Way Back Texas~04/20/90-09/17/08
    Green Alligator "Captain"



  7. #7
    Join Date
    Apr. 17, 2002
    Location
    between the barn and the pond
    Posts
    14,495

    Default

    Quote Originally Posted by relocatedTXjumpr View Post
    You do not need a coding certificate....those are really only helpful in a hospital type enviornment and even then, you dont need one...

    Ive been coding/billing for about 12 years. To be honest, with the electronic billing and records systems these days, the computers do most of the "coding" for you...you just need to be knowledgable enough to know if the computer is right!! I work for 8 Dr's ranging from pediatrics, to internal med, and one specialist...we see basiclly the same stuff every day and very RARELY do I need to yank out a book to look up a diagnosis or procedure code. I will say the 3 certafied "coders" we have had just since I have been here have been nothing but a joke. Its all hands on experience and while a certificate might help you at some fancy hospital its not going to do you a whole lot of good elsewhere.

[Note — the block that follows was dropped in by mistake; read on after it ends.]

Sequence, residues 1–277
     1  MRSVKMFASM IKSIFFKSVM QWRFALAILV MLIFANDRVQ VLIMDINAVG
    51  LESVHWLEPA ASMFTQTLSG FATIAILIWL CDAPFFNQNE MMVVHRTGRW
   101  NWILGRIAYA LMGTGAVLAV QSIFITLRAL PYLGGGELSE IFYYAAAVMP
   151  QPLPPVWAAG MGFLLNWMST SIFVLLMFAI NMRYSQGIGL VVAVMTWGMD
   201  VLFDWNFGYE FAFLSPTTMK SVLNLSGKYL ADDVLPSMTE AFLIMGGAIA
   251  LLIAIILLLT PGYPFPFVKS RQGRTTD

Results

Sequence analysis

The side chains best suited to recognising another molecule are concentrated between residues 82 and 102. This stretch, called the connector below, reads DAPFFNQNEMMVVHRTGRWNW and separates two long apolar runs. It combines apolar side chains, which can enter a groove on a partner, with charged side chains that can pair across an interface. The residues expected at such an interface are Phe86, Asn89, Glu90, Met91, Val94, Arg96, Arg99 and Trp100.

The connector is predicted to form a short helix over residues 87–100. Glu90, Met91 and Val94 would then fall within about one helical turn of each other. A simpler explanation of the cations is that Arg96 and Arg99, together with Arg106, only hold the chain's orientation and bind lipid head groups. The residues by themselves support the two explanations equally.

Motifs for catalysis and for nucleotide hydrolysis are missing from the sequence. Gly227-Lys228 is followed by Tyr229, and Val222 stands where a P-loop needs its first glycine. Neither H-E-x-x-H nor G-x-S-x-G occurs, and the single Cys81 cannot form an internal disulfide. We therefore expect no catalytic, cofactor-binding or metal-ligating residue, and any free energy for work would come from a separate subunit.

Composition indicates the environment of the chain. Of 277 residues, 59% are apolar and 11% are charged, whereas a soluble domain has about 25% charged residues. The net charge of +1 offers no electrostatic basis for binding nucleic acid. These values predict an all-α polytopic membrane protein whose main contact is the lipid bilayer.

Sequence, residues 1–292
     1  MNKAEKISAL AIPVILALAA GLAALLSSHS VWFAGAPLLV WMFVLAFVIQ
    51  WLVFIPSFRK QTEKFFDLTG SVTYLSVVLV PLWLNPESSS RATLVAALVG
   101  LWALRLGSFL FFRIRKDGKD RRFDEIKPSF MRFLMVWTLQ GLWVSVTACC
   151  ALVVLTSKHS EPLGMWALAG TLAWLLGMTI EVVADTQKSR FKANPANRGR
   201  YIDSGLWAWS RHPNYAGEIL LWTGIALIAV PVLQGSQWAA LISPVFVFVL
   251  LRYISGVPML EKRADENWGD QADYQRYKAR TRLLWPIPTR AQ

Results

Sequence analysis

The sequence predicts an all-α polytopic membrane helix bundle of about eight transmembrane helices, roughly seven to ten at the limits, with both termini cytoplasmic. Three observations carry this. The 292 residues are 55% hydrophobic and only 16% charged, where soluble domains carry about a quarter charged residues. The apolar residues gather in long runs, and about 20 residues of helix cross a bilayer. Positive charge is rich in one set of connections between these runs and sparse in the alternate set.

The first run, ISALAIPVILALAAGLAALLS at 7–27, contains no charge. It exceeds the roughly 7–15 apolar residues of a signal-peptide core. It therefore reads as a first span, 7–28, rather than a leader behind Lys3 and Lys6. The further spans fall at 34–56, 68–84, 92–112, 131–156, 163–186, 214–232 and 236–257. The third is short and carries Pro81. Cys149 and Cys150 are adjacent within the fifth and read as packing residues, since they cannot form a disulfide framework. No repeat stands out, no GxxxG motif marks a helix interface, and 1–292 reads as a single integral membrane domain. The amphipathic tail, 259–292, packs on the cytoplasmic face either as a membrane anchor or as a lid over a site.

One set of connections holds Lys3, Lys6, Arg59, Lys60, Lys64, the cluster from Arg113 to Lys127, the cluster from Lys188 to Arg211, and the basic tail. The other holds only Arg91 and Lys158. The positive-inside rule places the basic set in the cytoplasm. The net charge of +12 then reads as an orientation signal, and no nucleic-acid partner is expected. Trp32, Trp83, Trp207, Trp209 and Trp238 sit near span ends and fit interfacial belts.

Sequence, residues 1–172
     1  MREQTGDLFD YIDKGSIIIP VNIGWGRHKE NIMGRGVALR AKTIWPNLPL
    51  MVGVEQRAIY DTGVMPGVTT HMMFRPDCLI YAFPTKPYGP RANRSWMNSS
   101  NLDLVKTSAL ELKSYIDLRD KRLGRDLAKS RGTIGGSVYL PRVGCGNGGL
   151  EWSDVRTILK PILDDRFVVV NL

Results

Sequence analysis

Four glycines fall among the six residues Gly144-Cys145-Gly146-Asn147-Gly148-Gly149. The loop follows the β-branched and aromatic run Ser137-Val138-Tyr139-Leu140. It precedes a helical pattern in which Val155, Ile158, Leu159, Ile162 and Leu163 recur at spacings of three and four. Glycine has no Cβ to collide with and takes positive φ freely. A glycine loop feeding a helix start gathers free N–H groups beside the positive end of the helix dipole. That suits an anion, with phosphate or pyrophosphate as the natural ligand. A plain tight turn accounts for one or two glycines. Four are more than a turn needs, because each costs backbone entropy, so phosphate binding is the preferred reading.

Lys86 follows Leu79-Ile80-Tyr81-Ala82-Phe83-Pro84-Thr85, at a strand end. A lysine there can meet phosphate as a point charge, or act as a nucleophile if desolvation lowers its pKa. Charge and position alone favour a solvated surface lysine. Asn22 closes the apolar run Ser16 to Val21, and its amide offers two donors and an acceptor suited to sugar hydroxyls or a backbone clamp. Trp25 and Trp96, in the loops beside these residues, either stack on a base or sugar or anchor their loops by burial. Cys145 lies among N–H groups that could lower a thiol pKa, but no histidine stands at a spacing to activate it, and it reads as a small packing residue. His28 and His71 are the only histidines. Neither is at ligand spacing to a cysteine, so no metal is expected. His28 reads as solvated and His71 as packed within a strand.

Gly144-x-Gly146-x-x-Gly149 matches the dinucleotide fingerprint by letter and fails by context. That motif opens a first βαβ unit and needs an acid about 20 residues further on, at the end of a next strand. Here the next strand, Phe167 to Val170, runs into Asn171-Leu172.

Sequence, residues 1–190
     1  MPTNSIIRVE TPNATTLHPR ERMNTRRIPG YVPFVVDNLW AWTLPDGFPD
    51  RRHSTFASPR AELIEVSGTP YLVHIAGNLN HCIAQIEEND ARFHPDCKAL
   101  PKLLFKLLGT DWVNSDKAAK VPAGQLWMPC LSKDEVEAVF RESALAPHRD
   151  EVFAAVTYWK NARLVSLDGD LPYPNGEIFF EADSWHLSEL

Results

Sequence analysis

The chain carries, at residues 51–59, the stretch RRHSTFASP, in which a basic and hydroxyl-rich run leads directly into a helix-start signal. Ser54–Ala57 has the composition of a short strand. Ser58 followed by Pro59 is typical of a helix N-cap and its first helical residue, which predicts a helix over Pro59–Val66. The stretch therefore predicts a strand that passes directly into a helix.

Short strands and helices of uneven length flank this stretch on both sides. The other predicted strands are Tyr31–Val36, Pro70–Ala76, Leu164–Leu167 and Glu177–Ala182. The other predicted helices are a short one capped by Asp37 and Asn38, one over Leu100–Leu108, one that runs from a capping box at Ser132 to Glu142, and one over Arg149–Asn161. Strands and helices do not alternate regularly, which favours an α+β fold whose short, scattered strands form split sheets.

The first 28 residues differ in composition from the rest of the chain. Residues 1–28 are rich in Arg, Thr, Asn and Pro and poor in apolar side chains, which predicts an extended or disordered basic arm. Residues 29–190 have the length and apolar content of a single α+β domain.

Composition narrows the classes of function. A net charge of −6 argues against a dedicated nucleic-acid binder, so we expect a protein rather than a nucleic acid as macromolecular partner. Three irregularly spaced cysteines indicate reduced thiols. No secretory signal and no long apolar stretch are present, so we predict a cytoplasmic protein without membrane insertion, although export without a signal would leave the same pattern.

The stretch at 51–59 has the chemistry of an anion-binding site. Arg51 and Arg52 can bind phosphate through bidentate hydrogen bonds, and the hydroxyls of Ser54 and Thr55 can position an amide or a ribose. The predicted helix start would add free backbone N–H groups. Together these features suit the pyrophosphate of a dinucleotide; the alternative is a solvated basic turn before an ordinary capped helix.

I could not agree more. Eight years of implementation of EMRs, consulting and training all over the US, and presently employed at a large ambulatory care facility. You don't need a certificate: You need attention to detail and the ability to read and understand insurance and data in general.



  8. #8
    Join Date
    Oct. 23, 2004
    Location
    Southeast
    Posts
    1,511

    Default

    Out of curiousity, how much money do coders make? Do most freelance, or work for hospitals/large physican practices?
    "You gave your life to become the person you are right now. Was it worth it?" Richard Bach



  9. #9
    Join Date
    Jan. 19, 2000